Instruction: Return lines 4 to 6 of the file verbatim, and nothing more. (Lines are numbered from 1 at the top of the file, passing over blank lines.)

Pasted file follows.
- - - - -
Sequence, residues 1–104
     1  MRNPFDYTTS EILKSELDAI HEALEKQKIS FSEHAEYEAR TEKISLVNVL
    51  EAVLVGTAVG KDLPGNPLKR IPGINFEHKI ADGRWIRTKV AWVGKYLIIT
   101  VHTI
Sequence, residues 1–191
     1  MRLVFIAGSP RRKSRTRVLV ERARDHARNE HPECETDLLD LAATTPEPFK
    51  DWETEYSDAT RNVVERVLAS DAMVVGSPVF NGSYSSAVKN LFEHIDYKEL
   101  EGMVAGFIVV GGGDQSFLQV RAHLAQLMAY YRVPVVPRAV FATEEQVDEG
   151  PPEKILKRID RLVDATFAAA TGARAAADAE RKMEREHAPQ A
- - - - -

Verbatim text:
   101  VHTI
Sequence, residues 1–191
     1  MRLVFIAGSP RRKSRTRVLV ERARDHARNE HPECETDLLD LAATTPEPFK